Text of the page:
Self-Organizing Policy Networks: Risk, Partner Selection, and Cooperation in Estuaries


  • Research was partly funded by NSF grant SES-0519459. We thank Mark Schneider and Mark Lubell for use of data from NSF grant SBR97295905 and Tom Snijders and Christian Steglich for suggestions at several stages of the research. Replication materials are available at

Ramiro Berardo is Assistant Research Professor of Government and Public Policy, University of Arizona, Tucson, AZ 85721 ( John T. Scholz is Professor of Political Science, Florida State University, Tallahassee, FL 32306-2230 (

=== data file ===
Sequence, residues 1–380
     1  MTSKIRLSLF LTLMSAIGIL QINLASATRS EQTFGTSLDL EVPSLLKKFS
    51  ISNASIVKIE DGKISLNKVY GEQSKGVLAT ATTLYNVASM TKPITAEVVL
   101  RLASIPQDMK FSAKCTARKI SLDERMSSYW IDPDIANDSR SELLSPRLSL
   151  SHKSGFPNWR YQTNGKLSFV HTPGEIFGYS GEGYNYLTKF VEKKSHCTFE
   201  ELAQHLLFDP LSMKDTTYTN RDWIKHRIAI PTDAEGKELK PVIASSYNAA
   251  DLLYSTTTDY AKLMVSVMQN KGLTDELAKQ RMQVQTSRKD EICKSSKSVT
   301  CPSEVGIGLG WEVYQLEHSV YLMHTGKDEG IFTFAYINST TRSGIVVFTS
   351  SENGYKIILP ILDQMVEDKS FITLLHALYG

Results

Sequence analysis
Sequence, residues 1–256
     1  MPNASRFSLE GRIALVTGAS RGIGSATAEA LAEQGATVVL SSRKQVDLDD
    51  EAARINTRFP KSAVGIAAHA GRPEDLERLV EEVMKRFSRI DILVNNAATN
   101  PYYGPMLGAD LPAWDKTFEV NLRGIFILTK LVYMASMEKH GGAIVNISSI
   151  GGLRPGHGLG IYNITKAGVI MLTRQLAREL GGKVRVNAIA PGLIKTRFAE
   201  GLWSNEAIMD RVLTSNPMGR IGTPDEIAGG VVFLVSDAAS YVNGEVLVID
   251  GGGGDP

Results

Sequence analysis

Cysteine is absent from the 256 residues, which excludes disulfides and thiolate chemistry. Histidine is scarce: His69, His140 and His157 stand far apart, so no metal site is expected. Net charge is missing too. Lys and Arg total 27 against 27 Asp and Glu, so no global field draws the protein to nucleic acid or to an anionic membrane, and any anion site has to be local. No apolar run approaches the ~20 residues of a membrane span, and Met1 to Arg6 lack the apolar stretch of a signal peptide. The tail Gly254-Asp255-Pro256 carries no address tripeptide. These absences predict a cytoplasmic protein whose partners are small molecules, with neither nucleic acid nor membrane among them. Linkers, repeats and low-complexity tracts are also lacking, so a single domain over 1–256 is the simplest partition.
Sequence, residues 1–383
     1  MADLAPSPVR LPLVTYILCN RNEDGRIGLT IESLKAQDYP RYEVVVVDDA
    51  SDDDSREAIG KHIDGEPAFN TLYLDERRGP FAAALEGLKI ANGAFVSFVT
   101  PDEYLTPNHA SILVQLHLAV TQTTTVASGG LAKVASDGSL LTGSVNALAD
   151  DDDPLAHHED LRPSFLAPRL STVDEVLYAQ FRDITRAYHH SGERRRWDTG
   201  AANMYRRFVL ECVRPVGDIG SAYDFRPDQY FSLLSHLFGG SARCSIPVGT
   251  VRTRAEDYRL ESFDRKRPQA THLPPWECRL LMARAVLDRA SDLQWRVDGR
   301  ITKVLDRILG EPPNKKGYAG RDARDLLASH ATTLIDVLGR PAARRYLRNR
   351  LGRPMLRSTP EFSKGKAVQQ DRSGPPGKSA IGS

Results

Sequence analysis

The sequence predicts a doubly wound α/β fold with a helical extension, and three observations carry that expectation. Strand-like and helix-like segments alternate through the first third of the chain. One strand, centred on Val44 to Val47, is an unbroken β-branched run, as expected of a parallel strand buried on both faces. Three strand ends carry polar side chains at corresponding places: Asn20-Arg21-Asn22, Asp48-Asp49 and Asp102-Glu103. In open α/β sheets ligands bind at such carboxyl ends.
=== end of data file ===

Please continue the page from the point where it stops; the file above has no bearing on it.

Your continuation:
Policy actors seek network contacts to improve individual payoffs in the institutional collective action dilemmas endemic to fragmented policy arenas. The risk hypothesis argues that actors seek bridging relationships (well-connected, popular partners that maximize their access to information) when cooperation involves low risks, but seek bonding relationships (transitive, reciprocal relationships that maximize credibility) when risks of defection increase. We test this hypothesis in newly developing policy arenas expected to favor relationships that resolve low-risk dilemmas. A stochastic actor-based model for network evolution estimated with survey data from 1999 and 2001 in 10 U.S. estuaries finds that actors do tend to select popular actors as partners, which presumably creates a centralized bridging structure capable of efficient information transmission for coordinating policies even without any government mandate. Actors also seek reciprocal bonding relationships supportive of small joint projects and quickly learn whether or not to trust their partners.